There are many tools of the trade that a writer can use to strengthen his or her skills. One good way to do that is to know what questions to ask and how to phrase them. Interrogative questions are certainly important to get the most out of your words and important when conducting interviews. Interrogative refers to questions that ask “who,” “what,” “when,” “where,” and “why.” Here are a few things from paper writing service Tutoriage to keep in mind when using this method as a writer.
The Structure of Interrogative Queries
An interrogative question has a very definitive style that must be adhered to. It asks a question while inverting the subject and the predicate of the corresponding statement. In other words, it puts the verb before the subject. These types of questions are used to provoke a pointed response. Also, the response should not be boiled down to “yes” or “no.” If it is, the question should be rewritten to get a better, more thorough response. A good example of a “yes/no” question is, “Does he have your attention now?”
The Question’s Context
The key thing that a writer must know is the context of a question. If they’re writing a news article, then there may not be a place for interrogative style. They will; however, use these interrogative questions in an interview in order to gain information to write the article. A prose writer, on the other hand, could certainly use this style to give their characters dialogue. Asking where people are going and what they’ve done are just two of the better-known methods a writer can use to move their story along. Perhaps even a personal query, such as, “is your hair combed?” would be in order.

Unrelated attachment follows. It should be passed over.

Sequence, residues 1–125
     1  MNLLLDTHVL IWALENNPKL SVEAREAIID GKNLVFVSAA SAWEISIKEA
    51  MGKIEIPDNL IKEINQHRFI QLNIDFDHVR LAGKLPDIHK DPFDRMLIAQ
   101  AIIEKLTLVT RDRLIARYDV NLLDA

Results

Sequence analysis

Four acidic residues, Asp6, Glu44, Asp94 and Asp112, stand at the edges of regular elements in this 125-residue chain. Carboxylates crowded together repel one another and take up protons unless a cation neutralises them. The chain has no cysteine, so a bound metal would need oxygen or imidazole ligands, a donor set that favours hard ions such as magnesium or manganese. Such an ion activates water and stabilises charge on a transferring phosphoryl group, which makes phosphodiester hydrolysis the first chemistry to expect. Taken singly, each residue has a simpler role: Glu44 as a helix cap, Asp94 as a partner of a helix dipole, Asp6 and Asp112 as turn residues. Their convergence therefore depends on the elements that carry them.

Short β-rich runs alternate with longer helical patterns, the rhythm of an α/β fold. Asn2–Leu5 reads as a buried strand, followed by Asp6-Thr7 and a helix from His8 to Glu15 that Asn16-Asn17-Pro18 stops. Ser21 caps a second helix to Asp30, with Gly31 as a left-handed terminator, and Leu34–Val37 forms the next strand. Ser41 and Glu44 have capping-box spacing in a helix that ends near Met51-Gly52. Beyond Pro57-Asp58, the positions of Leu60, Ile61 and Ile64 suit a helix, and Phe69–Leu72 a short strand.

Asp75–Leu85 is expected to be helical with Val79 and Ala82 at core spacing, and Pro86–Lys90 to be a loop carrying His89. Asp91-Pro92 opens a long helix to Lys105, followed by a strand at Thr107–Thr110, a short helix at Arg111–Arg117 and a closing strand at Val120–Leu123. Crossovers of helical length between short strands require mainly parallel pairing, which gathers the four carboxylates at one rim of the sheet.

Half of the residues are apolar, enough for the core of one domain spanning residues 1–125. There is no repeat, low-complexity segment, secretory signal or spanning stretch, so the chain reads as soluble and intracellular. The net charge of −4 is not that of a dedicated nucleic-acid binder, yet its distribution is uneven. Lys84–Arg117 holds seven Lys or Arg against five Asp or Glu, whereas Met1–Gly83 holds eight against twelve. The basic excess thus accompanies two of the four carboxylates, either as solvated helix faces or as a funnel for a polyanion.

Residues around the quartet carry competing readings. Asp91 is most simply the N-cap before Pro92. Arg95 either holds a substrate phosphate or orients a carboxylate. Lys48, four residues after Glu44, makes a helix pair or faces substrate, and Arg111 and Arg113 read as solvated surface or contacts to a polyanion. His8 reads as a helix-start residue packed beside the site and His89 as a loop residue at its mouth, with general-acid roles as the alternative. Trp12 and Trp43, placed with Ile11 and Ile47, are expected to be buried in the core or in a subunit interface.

The Difference Between Positive and Negative Questions
Tying into a question’s context, there are certain ways to write a positive question and a negative one. If you’re asking a person if they have had a good day, that’s a positive question. Another example of a positive question would be “Did you brush your hair today?” A negative question is one that has a negative connotation, such as “Didn’t you brush your hair today?” A good writer will make sure not to confuse the two, as the expected answer will certainly be implied in the question.
The Challenge of Indirect Questions
Most interrogative questions are very direct, but there are certain methods that can get results less directly. The indirect method reports a question, but it finishes with a period instead of a question mark. A good example of this is using the word ‘ask’ in a sentence. ‘It was asked if he felt fine,’ for example. It’s certainly a method that can be overused if a writer is lazy. Switching between direct and indirect questions is better for a well-written piece.
There are other question formats that a writer can use. One of the more popular ones is rhetorical. Here, the writer can ask a question while making a point at the same time, while using implication instead of the direct manner of interrogation. A good example of this is H.L. Mencken’s famous quote about marriage. “Marriage is a wonderful institution, but who would want to live in an institution?” Here, Mencken lets the reader know his true feelings about marriage without explicitly stating them. A good writer can utilize this trick very well.
Keeping interrogative questions straight is a challenge for any writer. Knowing to invert the subject and predicate is an invaluable skill for writers of any age. There’s also the importance of crafting the right questions so that you get the desired response. Positive questions should get positive answers, negative questions are often encouraging yes or no answers. Not overusing either direct or indirect questions is also an important skill that shouldn’t be forgotten.